Hard to read through, but worthwhile.
Don't be fooled by the title, just be careful where you read it. Though a flawed novel, it's one of my personal favorites. Witty and thought-provoking, Leven's book is a great ride, not to mention a nice little primer on the history of psychotherapy and the various misdeeds of Popes throughout the last two millennium.

Finally, this story of Satan (returning to earth to seek some counseling for the bum rap he felt he's been dealt by mankind) and Dr. Kassler (just some poor schmuck (JSPS) he gets...more
Rosalind Kabrhel
If you can find this book, read it. I chose this book from the library back in the early 90's because its dustcover stood other reason.....but I loved it. Despite being dated, the plot is creative and funny, and unlike any other book I've read since. My husband really enjoyed it as well. I have never seen the book in a bookstore or a library since I checked it out - maybe the book chose the reader this time. Hmmmm....
Nov 16, 2007 Nicholas rated it 5 of 5 stars Recommends it for: Anyone
Don't know where to begin with this one. It was brilliant on every level. I've always been a sucker for the "create a lovable character and then make them suffer untold amounts of shit" scenario - and this has that is spades I tell you. It is a devilish satire, biting social commentary, rich with allegory and very very imaginative. It's a hard sell - but I think you'll be rewarded in the end. I know I was.
One of my all time favorites! As good the 2nd time around as the first, and I'm ready to read it again. A sly indictment of those who seem to believe all human emotions can be dealt with in logical terms (oh, if all facets of the human psyche were only that easy to pin down!) and those who spend their lives trying to please others.
I highly recommend this one, absolutely.
Feb 24, 2007 Melissa rated it 4 of 5 stars Recommends it for: lovers of irreverance
Shelves: funfiction
The initial premise--that Satan has come seeking therapy--is interesting and leads to some funny situations. But it changed tone as it went along, and became much more fatalistic at the end. Some funny commentary about religion, psychotherapy, and human nature; however, the ending seemed forced.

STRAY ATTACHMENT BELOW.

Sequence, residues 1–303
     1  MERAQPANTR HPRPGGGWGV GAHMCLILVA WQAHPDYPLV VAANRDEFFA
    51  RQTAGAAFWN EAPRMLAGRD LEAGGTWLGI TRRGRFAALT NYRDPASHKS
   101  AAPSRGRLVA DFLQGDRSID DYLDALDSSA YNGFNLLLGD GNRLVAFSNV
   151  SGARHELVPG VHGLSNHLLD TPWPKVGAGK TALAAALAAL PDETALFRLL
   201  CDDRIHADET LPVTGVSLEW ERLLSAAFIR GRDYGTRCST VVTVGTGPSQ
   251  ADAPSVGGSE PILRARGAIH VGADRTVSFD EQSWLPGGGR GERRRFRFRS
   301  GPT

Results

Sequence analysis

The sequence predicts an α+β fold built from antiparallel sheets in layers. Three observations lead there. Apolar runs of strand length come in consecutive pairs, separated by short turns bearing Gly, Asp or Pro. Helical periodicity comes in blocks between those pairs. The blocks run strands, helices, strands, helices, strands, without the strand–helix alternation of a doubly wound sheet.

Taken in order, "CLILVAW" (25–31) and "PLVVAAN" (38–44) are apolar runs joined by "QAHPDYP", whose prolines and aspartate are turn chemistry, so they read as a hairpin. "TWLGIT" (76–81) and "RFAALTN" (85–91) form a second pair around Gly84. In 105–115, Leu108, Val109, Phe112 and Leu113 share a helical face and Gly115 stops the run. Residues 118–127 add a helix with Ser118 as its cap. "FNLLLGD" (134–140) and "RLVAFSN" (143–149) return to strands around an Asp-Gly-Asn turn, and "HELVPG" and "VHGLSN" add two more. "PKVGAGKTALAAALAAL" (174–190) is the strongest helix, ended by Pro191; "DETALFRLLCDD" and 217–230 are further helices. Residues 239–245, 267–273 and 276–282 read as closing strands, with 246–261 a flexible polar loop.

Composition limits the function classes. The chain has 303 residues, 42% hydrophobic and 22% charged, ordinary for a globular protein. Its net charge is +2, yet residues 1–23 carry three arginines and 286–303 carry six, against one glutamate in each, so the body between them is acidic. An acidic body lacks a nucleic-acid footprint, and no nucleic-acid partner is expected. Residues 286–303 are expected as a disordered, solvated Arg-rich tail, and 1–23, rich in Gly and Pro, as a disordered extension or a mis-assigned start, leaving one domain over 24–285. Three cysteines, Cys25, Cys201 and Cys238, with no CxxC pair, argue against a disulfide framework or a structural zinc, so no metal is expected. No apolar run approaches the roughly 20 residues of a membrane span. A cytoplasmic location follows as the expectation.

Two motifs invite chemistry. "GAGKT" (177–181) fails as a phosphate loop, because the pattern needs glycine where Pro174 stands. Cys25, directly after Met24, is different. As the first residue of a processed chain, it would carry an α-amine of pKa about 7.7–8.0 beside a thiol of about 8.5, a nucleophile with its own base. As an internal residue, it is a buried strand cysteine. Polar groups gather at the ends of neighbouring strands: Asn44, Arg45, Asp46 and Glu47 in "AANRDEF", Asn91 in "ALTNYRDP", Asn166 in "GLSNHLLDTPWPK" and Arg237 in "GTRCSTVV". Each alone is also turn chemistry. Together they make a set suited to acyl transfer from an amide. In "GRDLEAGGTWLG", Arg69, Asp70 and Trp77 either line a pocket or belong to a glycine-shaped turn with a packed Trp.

This pushed the envelope to the limit. The sex in this thing was off the hook. The main character went through a hell that I pray is only a fiction and I couldn't get put my all into this book. Overall it is a hot mess and not in the Jerry Springer type either.
Another book whose title sums it up - except for the computer element (I'll let you discover that on your own). Its a truly unique book that engrossed me. The narrative structure took a little while to get used to but it is well worth it. Poor Dr. Kassler...
Adina Licht
This is a cheeky read. I read it many years ago and really enjoyed it. It is fun and playful and a little thinky sci-fi. Imagine if Satan were your therapist with a similar tone and spirit of the lovely Good Omens.
Was searching our bookshselves today and found this. Joe bought it at a library book sale in Fremont, CA in 1998. He never read it -- but this Faustish book looks like my next read. 180 degree from Three Cups of Tea.
This was recommended to me by an English Professor after reading Dante's Inferno. I was pretty shocked at first by the sexual content but it is a hilarious dark comedy. It actually made me read Inferno again.
Jeff Phillips
This review has been hidden because it contains spoilers. To view it, click here.
A hopeless romantic psychotherapist is gifted a house by a man who set out to ruin his life. In the basement he finds an intelligent machine: it's name? Satan.

Nov 06, 2011 BoekenTrol marked it as to-read  ·  review of another edition
Recommended to BoekenTrol by: Moem
From one of the book boxes that Moem sent to me. This one I'd like to read before sending it out again, so I guess it'll stay with me for a while.
A brilliant, hilarious, tragic, insightful, and very strange story, about Satan, his therapy, and the unfortunate man he chooses to be his shrink.
so far there sure is alot of sex and not much psychotherapy....and it ended with less sex...but finishing it was a struggle.
What an amazing find at our local library book sale! I can't believe it isn't better known.
Brett Van Valkenburg
My favorite book of all time. It's a mixture of humor, sci-fi, and crazy drama. Loved it.
One of the most entertaining books I've ever read (and retread numerous times!).
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Jeremy C. Leven (born 1941) is an American screenwriter, director, producer, and novelist. Born in South Bend, Indiana, Leven lives in Woodbridge, Connecticut, Nantucket, and Paris. Son of children's author Marcia Martin.

Leven was educated at St. John's College in Annapolis, Maryland, Harvard University, the University of Connecticut and Yale University Medical School. While at Harvard he founded...more
More about Jeremy Leven...